How to Grow Coriander: Cilantro’s Satisfying Seeds - Backyard Boss
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How to Grow Coriander: Cilantro’s Satisfying Seeds

You know you love the delicious flavor and heavenly smell of coriander. You know you want to learn how to grow it. What you don’t know is what the hell the difference might be between coriander and cilantro.

Let me clear that up for you.

Cilantro and coriander are the same thing. Sort of. In the US, the leaves and stalks of the plant are referred to as cilantro, while the seeds are referred to as coriander.

This becomes more complicated if you are reading a lot of recipes from the UK, because there, the whole plant is coriander, the seeds are coriander seed, and cilantro is just a silly thing Americans say.

I know, it’s confusing. Now that you are vaguely certain you know what you want to grow, ready to learn how to grow coriander?

Let’s get started.

What You Will Need

  • Coriander Seeds
  • Soil
  • Water
  • Common Gardening Tools
  • Container (optional)

Coriander Seeds and Leaves

What is Bolting?

Although the image of a plant picking up and sprinting away on frail root legs is a humorous one, that is not actually what the term “bolting” means.

When a plant bolts, it grows rapidly and wildly, going from producing mostly leaves to producing an excess of seeds and flowers. Bolting is triggered by hot weather, which causes a plant to abandon leaf growth in favor of producing seeds.

Why do plants do this? If the weather becomes too warm, and the plant’s hormones fear for the plant’s survival, it produces seeds to ensure that it will be able to regrow when the weather becomes more suitable.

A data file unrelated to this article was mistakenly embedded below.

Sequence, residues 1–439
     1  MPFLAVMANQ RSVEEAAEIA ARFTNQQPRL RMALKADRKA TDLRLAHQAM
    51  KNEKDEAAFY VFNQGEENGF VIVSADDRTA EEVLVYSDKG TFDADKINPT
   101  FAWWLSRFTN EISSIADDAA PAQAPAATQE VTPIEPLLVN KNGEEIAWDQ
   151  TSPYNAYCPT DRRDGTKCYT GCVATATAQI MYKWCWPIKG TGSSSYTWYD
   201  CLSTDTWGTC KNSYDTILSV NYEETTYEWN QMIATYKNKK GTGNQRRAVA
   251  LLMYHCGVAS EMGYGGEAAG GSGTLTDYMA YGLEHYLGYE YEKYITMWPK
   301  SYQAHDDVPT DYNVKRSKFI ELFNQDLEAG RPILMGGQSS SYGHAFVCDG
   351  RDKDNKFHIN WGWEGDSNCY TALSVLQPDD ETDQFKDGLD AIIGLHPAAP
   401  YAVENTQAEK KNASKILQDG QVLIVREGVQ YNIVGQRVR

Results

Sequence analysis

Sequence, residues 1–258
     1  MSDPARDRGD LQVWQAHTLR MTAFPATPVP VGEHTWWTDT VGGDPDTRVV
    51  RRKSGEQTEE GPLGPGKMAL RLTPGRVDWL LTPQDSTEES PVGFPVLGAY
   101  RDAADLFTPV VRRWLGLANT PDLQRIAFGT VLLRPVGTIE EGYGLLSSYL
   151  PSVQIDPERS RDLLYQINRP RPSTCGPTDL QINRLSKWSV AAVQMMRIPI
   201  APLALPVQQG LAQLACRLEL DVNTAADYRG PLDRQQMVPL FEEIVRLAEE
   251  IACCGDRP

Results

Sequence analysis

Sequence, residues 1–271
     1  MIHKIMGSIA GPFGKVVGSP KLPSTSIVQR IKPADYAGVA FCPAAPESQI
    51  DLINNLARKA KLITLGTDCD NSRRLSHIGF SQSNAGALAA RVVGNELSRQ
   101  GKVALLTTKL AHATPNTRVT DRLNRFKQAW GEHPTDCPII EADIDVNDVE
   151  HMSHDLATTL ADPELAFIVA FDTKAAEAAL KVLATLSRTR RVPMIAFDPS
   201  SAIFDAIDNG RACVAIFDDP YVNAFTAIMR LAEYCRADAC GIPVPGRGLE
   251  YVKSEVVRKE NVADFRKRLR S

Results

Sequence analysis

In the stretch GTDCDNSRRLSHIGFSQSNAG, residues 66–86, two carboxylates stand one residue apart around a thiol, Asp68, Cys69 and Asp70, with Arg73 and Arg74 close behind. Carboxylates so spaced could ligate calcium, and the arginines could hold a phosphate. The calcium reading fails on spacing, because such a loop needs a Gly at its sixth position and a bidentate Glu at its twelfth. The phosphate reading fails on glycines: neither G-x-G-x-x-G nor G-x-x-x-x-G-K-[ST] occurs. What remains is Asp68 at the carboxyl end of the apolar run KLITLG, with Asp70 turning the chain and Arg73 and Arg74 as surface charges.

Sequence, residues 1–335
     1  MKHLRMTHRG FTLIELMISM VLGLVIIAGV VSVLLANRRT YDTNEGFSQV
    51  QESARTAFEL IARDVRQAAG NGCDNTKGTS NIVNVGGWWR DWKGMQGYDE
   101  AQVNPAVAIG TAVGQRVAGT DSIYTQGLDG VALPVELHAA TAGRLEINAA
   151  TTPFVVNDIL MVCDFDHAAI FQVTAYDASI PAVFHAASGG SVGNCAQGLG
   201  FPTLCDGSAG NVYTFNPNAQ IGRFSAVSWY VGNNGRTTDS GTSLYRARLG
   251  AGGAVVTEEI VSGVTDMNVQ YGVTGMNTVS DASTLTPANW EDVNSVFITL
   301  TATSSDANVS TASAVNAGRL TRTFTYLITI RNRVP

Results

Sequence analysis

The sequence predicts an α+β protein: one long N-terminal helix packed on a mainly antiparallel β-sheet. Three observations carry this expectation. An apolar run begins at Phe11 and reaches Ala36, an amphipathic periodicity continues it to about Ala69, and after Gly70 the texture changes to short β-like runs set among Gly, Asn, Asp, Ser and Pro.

In other words, it is a survival mechanism for the plant. To make cilantro plants produce coriander seeds in abundance, you have to make them bolt.

How to Grow Coriander

Step One: Prepping For Your Plant

Plant your coriander seeds in the dead of summer, when the temperatures soar above 75 F.

I realize the suggestion to go outside and work hard in your garden in sweltering heat may not be an appealing one, but when the sweat is dripping down your back and the mosquitos are ravaging your ankles, just think of how tasty your coriander will be in a handful of weeks.

Your coriander plant will need fertile, rich, well-drained soil that is either loamy or sandy.

Coriander is easy to grow from seeds, so no need to buy seedlings or a plant. Buy cilantro seeds that are quick to bolt because some have been altered to hold out on bolting.

Pro Tip: If you can’t find any seeds to plant, you can use the seeds from grocery store spice jars! They can have a lower germination rate though because they have been dried for a prolonged period of time.

Step Two: Plant the Coriander Seeds

Gently break open the husks of the seed, using a rolling pin, mallet, or pestle, before sowing them.

Unbroken Coriander Seeds

Once you have broken the husks of the coriander seeds, sprinkle them in your garden, planting them at least 6 inches apart in rows that are at least a foot apart. Pick out a spot for them that receives sunshine throughout most of the day.

Then, lightly cover them with soil. There should be ¼ inch of soil on top of them. Immediately give them a gentle misting of water.

Pro Tip: Don’t give your coriander too much fertilizer because that will weaken its scent.

Step Three: Neglect Your Plant